In London, a real-estate scam puts millions of pounds up for grabs, attracting some of the city's scrappiest tough guys and its more established underworld types, all of whom are looking to get rich quick. While the city's seasoned criminals vie for the cash, an unexpected player -- a drugged out rock 'n' roller presumed to be dead but very much alive -- has a multi-million dollar prize fall into... See full summary »
A botched card game in London triggers four friends, thugs, weed-growers, hard gangsters, loan sharks and debt collectors to collide with each other in a series of unexpected events, all for the sake of weed, cash and two antique shotguns.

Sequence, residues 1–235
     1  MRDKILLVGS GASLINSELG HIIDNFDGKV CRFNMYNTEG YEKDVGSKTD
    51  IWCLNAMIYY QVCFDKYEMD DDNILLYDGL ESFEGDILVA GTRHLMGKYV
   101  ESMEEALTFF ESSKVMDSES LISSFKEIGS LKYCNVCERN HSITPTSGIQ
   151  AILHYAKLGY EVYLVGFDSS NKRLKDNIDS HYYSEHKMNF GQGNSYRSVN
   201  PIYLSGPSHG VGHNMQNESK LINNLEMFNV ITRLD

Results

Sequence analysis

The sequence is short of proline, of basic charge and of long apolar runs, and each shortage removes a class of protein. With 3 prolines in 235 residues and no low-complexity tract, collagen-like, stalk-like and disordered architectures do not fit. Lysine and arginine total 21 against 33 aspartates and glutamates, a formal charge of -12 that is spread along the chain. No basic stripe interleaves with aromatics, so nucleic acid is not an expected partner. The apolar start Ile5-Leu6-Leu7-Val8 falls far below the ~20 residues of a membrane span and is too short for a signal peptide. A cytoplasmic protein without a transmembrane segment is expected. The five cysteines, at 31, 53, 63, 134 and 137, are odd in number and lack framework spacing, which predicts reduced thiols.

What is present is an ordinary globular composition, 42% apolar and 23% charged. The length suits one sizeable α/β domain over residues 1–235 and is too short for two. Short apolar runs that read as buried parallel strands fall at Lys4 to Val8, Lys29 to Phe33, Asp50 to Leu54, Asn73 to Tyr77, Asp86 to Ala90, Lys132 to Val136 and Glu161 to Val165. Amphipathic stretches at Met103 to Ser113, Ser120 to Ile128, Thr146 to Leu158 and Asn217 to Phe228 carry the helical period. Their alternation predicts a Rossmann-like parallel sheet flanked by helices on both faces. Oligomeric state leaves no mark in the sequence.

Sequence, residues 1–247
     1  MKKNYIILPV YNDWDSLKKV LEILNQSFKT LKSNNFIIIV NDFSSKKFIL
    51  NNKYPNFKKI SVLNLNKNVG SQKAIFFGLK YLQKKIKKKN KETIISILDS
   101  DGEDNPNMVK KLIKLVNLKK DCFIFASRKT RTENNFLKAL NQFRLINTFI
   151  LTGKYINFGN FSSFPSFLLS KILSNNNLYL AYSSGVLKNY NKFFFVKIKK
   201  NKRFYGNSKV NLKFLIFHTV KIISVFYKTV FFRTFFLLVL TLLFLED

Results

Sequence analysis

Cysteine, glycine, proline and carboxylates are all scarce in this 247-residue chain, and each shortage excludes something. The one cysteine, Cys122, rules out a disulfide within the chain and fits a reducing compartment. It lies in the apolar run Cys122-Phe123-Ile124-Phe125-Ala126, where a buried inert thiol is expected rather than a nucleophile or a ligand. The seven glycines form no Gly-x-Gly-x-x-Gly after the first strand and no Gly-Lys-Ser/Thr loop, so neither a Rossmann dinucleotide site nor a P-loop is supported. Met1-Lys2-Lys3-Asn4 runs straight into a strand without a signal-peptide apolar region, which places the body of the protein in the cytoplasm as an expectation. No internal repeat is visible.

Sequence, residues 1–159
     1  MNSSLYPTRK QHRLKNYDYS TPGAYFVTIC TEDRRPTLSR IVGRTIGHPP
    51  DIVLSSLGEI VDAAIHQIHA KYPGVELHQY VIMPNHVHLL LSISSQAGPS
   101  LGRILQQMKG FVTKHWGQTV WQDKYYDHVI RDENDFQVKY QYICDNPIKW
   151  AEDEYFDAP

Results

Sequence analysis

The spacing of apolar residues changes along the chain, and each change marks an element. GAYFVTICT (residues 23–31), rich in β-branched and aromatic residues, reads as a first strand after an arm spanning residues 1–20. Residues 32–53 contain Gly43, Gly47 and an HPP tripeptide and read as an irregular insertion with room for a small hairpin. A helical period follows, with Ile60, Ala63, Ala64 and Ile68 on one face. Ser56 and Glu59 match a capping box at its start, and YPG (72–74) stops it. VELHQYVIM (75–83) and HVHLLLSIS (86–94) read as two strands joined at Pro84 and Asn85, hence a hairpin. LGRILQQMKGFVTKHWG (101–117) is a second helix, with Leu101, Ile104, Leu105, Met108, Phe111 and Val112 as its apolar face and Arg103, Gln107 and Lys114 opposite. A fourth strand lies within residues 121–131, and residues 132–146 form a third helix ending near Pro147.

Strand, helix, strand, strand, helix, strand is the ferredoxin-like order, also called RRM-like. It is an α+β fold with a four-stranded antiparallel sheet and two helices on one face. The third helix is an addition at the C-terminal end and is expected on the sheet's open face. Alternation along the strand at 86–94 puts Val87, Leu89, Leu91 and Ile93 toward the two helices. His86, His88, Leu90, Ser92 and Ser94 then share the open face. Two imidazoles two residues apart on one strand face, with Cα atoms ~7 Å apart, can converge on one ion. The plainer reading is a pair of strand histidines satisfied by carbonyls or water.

Martine offers Terry a lead on a foolproof bank hit on London's Baker Street. She targets a roomful of safe deposit boxes worth millions in cash and jewelry. But Terry and his crew don't realize the boxes also contain a treasure trove of dirty secrets - secrets that will thrust them into a deadly web of corruption and illicit scandal.
Stephen Campbell Moore
When his mentor is taken captive by a disgraced Arab sheik, a killer-for-hire is forced into action. His mission: kill three members of Britain's elite Special Air Service responsible for the death of his sons.